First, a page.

Companies undertaking their Global Expansion into Iceland need a complete grasp of Icelandic employment contract laws. A successful business largely depends on its employees. By creating work contracts that include the right terms and benefits there will be no misconception and the perfect work-life balance can be created for your workforce.

Thanks to our PEO and EOR services, we can provide compliant labour contracts for your employees in Iceland, including local benefits. Our team keeps track of Icelandic laws and regulations daily to be duly aware of updates that can be implemented in working contracts and to ensure a smooth entry for your business into the Icelandic economy.

The different types of Icelandic Employment Contracts

Apart from specific terms, employees must be given their written contract or formal agreement within two months of starting work. The mandatory information required for all contracts includes identities and addresses of all parties, employment start date, place and type of work, working hours, annual leave, notice periods, type of contract and any trial period.

Oral agreements are valid but not advised. There is no legal requirement for contracts to be in Icelandic or any particular language; the terms should be in a language fully understood by all parties. The main types of employment contracts are:

Open-ended, Permanent, Indefinite Employment Contracts: This is the standard type of contract that can be terminated, under the rule of law, without giving a reason. Employees are hired without time limits, and the contract is terminated with a notice period, as stipulated by the law or collective agreement, in the same language as the contract.

Fixed-term Employment Contracts:  These are for a specific period and cannot exceed 24 months, including renewals, except for managerial personnel with no time limit.

Temporary Work Agency Employment Contracts:  These are permitted, but the worker cannot be hired out by a company they had worked for directly in the previous six months.

Probationary or Trial Periods: These cannot exceed three months. As there is no provision under labour law for trial periods, these are governed by business practice or collective agreements.

Collective Bargaining Agreements (CBAs):  It is estimated that collective agreements cover nearly 90% of Icelandic workers. Collective and trade union agreements add more detail to the employment terms of wage earners than basic legislation. Employer-employee negotiations that undercut collective contracts are invalid, although employees can negotiate for improved terms over the collective agreement.

The Confederation of Icelandic Employers negotiates on behalf of employers; the State Negotiating Committee confers with state employees, while the Municipal Wage Committee engages in talks with unions representing their members. The Icelandic Confederation of Labour is an umbrella organisation for employees in the general labour market.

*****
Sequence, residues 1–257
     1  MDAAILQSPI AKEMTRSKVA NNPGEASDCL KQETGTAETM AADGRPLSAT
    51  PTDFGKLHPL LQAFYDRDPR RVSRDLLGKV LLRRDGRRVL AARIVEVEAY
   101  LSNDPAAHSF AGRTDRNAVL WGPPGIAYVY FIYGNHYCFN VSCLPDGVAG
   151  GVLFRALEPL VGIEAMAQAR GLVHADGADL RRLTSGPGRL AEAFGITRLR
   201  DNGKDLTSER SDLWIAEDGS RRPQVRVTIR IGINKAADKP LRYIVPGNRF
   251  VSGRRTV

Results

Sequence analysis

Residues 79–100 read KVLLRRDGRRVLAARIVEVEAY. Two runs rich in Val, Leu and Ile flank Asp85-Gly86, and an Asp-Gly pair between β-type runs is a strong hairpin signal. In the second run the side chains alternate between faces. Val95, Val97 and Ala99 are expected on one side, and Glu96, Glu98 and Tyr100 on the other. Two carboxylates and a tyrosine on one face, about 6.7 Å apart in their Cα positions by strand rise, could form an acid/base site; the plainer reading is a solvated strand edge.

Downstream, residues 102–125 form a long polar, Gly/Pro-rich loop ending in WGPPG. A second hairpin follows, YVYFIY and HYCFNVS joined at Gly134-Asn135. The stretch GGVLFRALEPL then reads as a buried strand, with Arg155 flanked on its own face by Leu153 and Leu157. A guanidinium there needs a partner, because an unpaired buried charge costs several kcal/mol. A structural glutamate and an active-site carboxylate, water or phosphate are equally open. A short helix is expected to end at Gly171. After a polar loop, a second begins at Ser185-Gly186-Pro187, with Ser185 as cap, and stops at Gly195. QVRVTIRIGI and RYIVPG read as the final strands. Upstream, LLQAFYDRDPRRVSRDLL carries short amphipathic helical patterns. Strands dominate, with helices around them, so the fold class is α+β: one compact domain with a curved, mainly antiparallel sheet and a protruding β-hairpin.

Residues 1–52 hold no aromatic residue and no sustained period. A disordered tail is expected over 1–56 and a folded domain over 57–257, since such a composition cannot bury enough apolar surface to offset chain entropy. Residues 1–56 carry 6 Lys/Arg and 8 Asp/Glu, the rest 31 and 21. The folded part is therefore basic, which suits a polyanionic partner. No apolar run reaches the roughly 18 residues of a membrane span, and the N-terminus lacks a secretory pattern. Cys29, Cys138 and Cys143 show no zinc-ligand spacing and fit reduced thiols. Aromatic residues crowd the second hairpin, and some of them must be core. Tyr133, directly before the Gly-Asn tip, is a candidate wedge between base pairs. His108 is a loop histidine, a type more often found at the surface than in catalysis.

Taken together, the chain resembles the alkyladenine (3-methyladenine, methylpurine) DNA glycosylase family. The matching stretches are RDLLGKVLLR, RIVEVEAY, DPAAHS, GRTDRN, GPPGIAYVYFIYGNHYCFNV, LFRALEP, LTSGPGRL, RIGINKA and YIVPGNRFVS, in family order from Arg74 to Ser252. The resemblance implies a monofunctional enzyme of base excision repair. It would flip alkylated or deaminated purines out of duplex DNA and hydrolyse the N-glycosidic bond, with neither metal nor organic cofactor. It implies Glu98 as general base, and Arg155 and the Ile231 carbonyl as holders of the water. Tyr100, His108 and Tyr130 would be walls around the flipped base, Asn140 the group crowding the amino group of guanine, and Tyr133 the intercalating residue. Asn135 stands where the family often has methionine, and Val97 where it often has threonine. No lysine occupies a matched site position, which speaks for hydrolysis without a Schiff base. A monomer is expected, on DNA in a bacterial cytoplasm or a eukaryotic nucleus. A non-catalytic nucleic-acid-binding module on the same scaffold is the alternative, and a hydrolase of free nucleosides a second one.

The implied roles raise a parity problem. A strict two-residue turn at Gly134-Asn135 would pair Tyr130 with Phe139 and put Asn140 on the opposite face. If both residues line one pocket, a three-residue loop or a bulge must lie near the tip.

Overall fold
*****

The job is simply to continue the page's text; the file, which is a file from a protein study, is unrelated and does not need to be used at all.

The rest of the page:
Icelandic Employment Contracts Requirements

Internationally minded companies hiring employees in Iceland must operate within a legislation framework supplemented by collective and trade union agreements. Iceland is not a member of the European Union (EU) but has a strong relationship with the economic bloc through its membership in the European Economic Area (EEA). In some employment areas, EU directives influence as EU labour requirements is part of the EEA Agreement.

Most aspects of employment law in Iceland come under the Labour Code and the Directorate of Labour, but specific legislation also applies in many areas. Collective Bargaining Agreements (CBAs) and trade unions strongly influence in Iceland, where such arrangements cover around 90 per cent of the workforce.

These considerations come into play during the first stages of hiring, onboarding, and drawing up contracts with your new employees. General requirements applying to all contracts include:

  • Contracts are invalid if they offer inferior terms to those stipulated by law or collective agreements
  • Employers intending to hire an employee for more than one month and to work eight hours a day must provide a written contract or statement outlining the fundamentals of the role. Oral agreements are permitted under law but not advisable.
  • The contract must be given to the employee within two months of starting work.
  • The contract agreement should include names of all parties; start date and, in case of a fixed-term contract, the end date; any trial period; salary and benefits; working hours and breaks; vacation entitlement; termination and notice periods; applicable collective or trade union agreements.
  • Terms of the contract must comply with minimums set out by collective agreements.
  • Employers applying for work permits for foreign nationals must supply an employment contract with the application.
  • Contracts for non-EU or EEA citizens must include details of their valid work permits and visa.
  • The typical contract is open-ended; fixed-term contracts are allowed. Successive fixed-term contracts should not generally exceed a total of 24 months, although there is no limit for managerial personnel. Probation periods must not exceed three months.
  • There is no legal requirement for contracts to be drawn up in Icelandic.


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